In women, multimorbidity was associated with age group of 55-64 years, who had about five times the multimorbidity prevalence (PR: 4.71 [95% CI 3.84, 5.76]) by this discriminant value compared to young adults (18-25 years). Women living with a partner presented higher prevalence by the discriminant multimorbidity value (PR: 1.54 [95% CI: 1.40, 1.69]). Educational level presented a protective factor, indicating that, regardless of age and marital status, there is a tendency according to educational level (PR: 0.79 [95% CI: 0.71, 0.89]; PR: 0.60 [95% CI: 0.53, 0.68]), with the category of 12 years or older associated with lower chance of presenting multimorbidity through this BMI classification.


The present study found a discriminatory BMI value for the occurrence of NCD multimorbidity; in addition, it showed association of this value with a sociodemographic profile of risk for multimorbidity. The main findings of this study indicated that for values considered to be overweight16, there is exposure to multimorbidity, mainly associated with middle age, presence of partners and, in particular, women with lower educational level.

The nutritional status, evaluated by BMI, allows estimating the characteristics of a population of men and women in different age groups regarding the risk of cardiovascular diseases16. The discriminant values found in the present study indicate a congruence of risk factors 16. In this way, preventive measures and care for heart health should begin before reaching the state of obesity, with care able to promote the maintenance of healthy habits throughout life17. The consequences of increased body mass are already sufficient to promote metabolic overload, with increased mortality proportional to the increase in BMI17.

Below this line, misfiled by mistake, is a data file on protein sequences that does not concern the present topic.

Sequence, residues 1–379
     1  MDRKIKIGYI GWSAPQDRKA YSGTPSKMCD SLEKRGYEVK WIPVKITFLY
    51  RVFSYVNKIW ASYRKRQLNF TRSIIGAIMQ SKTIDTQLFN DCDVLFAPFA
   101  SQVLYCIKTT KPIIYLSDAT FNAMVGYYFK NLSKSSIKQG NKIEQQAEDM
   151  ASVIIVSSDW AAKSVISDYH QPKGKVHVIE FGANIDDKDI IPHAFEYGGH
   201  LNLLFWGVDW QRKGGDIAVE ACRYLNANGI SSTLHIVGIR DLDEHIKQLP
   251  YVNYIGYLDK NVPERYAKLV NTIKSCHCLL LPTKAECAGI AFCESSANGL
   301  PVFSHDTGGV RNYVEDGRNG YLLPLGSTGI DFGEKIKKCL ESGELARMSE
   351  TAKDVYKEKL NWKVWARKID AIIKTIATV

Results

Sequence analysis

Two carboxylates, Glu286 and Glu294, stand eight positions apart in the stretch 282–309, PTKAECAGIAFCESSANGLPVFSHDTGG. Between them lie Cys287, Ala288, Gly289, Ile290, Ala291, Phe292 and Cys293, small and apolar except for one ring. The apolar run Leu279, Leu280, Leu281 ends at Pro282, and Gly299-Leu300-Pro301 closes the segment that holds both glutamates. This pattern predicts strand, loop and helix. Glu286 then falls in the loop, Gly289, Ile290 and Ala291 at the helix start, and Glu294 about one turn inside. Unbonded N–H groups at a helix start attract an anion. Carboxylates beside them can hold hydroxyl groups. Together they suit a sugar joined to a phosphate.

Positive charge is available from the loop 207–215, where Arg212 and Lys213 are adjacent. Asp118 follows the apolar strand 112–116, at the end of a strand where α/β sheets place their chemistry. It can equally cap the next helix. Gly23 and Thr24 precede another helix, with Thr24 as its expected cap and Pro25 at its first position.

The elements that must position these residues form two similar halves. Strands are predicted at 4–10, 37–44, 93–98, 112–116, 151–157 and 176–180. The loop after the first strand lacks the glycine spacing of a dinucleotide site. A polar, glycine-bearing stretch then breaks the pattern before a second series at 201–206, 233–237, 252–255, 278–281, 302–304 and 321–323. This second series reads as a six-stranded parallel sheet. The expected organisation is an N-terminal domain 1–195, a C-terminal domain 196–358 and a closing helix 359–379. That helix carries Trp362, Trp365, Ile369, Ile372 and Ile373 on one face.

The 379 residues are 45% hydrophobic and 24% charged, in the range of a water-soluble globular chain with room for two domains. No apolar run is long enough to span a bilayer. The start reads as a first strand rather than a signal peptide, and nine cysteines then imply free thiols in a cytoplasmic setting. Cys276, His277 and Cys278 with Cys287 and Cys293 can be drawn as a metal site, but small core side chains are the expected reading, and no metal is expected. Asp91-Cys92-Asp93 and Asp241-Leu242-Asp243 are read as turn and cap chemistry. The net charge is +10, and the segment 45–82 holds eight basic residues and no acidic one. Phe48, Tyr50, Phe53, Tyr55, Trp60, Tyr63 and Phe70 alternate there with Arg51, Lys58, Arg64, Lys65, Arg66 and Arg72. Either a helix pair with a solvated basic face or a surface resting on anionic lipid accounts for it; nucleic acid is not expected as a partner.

In men, BMI can be considered as a good predictive measure for the presence of multimorbidity, with greater association in middle-aged adults between 35 and 44 and between 45 and 54 years. It is known that NCD have greater impact according to the healthy lifespan of adults aged 30-59 years, but the prevalence increases over time18, which is not consistent with the results found here. The rationale is the measure applied to the adult and elderly population considered in the study, where the classifications of this evidence comprise adults up to 64 years 16. In this case, the reduction in the multimorbidity prevalence in the elderly (> 65 years) does not seem to be the reality, considering that there is an increase in the number of diseases in this population19. Thus, BMI is restricted to adults, suggesting, according to Macedo Bueno et al.20, that anthropometric and biochemical variables are necessary for the NCD diagnosis, in addition to monitoring the general and nutritional health of this population.

In women, there was an association between ages of 25 and 34 years, with those with 55 and 64 years being the most exposed to the predictive multimorbidity value. Associating age group with the initial increase in prevalence, it could be inferred that the Brazilian female population of urban centers has higher fertility rates between 20 and 29 years21, possibly presenting postpartum weight retention, one of the determinants of obesity in women22. Observing those most exposed, there may be the existence of a relationship with menopause, a hormonal event that occurs on average at 50 years in Brazilian women23, which has effects of increasing body fat and NCD diagnosis24. Thus, for the sample of this study, sensitivity and specificity of the BMI measure for adults with multimorbidity was confirmed. As in men, multimorbidity decreased in the elderly (≥65 years), supporting the rationale that the BMI measure is adequate for adults less than 65 years of age of both sexes20.

Marital status, similar for men and women, corroborates the study carried out in Portugal, in which married or widowed participants are more exposed to multimorbidities than those who are single and divorced. In this case, a broader interpretation can be considered, which indicates that lifestyle becomes less healthy after a marital situation change, leading to an increased risk for cardiovascular diseases, reduction of physical activity, changes in eating patterns and sleep quality26.

Especially for women, educational level showed an inverse association for the BMI value found as a multimorbidity predictor. Educational level is considered an important variable of exposure for health indicators, including NCD27, bringing a perspective that health education can exist in the school and academic environment.